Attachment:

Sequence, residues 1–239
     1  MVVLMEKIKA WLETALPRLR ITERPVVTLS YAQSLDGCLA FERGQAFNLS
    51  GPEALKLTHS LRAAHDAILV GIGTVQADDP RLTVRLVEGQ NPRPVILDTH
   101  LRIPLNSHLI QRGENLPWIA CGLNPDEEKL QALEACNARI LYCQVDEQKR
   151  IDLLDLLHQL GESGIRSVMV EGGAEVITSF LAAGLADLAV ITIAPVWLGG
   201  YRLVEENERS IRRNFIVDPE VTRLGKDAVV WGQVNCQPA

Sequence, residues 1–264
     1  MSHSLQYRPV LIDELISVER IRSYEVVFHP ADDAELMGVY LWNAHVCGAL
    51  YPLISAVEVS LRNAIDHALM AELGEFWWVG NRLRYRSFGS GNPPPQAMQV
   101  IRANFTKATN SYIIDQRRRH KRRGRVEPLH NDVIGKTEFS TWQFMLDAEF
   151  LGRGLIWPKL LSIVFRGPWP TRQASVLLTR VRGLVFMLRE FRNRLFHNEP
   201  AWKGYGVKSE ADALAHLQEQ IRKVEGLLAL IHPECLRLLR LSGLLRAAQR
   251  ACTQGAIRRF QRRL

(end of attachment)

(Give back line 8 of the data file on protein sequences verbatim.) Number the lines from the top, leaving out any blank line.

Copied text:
     1  MSHSLQYRPV LIDELISVER IRSYEVVFHP ADDAELMGVY LWNAHVCGAL